A racially mixed, eight-man, four-woman jury was selected Monday in the Rodney G. King civil rights trial, concluding five days of painstaking questioning and an extraordinary tussle over the racial composition of the panel.
Dozens of prospective jurors were dismissed during the grueling selection process, some for bias, others after they expressed health or safety concerns. The panel that ultimately was selected for the volatile case includes two African-Americans and one Latino--in contrast to last year's state trial of the same four defendants, when the jury included no blacks.
Jury selection, which began last Tuesday, stretched beyond the estimates of lawyers and U.S. District Judge John G. Davies, who initially predicted that it would be finished by last Friday. Three alternate jurors remain to be selected, but Davies ordered the 12 jurors to return Wednesday morning, when opening statements in the trial will be delivered.
Before both sides agreed on the panel of 12 citizens, lawyers in the case clashed openly on the issue of race, with prosecutors and defense lawyers accusing one another of removing prospective jurors for racist reasons.
The prosecution was the first to make that claim, after defense lawyers sought to remove a prospective juror who is black. The distinguished-looking older man, who has lived in Watts for 25 years, insisted that he could be fair. But he gave answers in court that defense lawyers said were inconsistent with his responses to the 53-page questionnaire completed by all of the prospective jurors nearly three weeks ago.
Prosecutors disagreed and accused the defense of seeking to remove the man because he is black. Lawyers may not eliminate potential jurors because of their race.
"There isn't a person in the courtroom who does not believe that this person was treated differently because he is black," Assistant U.S. Atty. Steven D. Clymer said after the defense lawyers exercised their right to remove that man. "They are excluding jurors because of their race."
Defense lawyers objected furiously to the accusation.
"We have done absolutely nothing that would give even a peppercorn, a twig, a shred of credibility to the government's contention," said Ira Salzman, the lawyer for Sgt. Stacey C. Koon.
Although Judge Davies agreed that some of the man's statements were inconsistent, he ruled in favor of prosecutors and ordered that the man be allowed to remain on the jury.
Later, defense attorneys raised precisely the same objection when prosecutors attempted to remove a white prospective juror from the panel. Paul DePasquale, lawyer for Timothy E. Wind, said prosecutors were trying to "manipulate the racial composition" of the jury by removing white jurors in the hope that some would be replaced by blacks.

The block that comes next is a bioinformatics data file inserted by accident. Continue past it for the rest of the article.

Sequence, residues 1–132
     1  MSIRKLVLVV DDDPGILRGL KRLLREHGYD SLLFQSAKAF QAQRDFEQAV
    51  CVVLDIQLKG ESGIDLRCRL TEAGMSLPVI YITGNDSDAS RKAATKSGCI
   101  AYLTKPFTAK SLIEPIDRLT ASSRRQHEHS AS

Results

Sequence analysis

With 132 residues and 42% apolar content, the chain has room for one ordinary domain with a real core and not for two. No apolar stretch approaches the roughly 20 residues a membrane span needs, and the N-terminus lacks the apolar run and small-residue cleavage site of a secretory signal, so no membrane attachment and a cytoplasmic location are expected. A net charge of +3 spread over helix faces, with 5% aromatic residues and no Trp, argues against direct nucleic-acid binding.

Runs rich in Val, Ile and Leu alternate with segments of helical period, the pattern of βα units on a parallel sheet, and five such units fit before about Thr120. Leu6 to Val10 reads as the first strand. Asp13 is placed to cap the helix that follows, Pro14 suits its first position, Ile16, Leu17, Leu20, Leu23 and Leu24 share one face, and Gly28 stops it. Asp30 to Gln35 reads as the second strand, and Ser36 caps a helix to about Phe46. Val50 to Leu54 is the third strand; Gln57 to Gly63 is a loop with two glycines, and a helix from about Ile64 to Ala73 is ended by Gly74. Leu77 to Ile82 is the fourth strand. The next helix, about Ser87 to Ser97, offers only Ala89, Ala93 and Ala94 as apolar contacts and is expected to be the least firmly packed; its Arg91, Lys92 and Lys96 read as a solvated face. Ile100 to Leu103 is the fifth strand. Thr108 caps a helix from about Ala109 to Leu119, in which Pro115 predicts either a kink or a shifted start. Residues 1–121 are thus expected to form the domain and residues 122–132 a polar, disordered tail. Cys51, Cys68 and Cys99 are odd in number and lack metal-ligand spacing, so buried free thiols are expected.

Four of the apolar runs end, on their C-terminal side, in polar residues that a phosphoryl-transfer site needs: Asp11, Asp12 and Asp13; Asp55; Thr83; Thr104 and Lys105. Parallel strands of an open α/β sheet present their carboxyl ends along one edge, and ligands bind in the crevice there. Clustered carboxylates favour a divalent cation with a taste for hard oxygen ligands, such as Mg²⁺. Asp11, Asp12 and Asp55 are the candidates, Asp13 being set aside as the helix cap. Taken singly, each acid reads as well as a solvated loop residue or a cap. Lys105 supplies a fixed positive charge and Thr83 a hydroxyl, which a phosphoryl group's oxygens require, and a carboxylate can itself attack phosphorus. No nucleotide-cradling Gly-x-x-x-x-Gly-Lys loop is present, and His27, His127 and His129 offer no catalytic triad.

Davies rejected that argument, and allowed prosecutors to excuse a middle-aged white man who had served as a military police officer in the National Guard.
That man was replaced by a young Latino who professed to know almost nothing about the incident--he was the only prospective juror, for instance, who said he had never seen the videotape of the King beating. Neither side raised an objection to that man, and the 12 members of the panel were sworn in late Monday afternoon.
Although the names of jurors were not disclosed, details of their lives emerged during the five days of questioning. And from those accounts it appears that jurors bring a variety of experience to their task.
The jury will include blue-collar workers and professionals, city residents and suburbanites, mothers, fathers and single people.
Some said they came to the process out of patriotism or duty. Others looked forward to the opportunity to serve, and one man said he saw it as the "chance of a lifetime."
The jury, as is often the case, is made up mostly of older people, but it also includes a few who appear to be in their 20s or 30s.
Of the 12 who were chosen, one is a former security guard who has used force on suspects, and three are veterans--two of the Marine Corps, another of the Danish military.
Male panelists were only rarely asked about their families, but at least three of the four women are mothers, including a single mother who is raising a 4-year-old son. That woman, who is black and works for the Postal Service, was among the first 12 prospective jurors seated in the case, and she survived five days of questioning by both sides.
In response to questions by prosecutors, she said she was surprised by the not guilty verdicts in state court, but she did not criticize jurors in that case. She also said that she does not view the King beating as a racial incident, a response that heartened defense lawyers.
"It sounds to me like they had a hard time making that decision," she said of the state court jurors. "They did the best of their abilities, as any person would."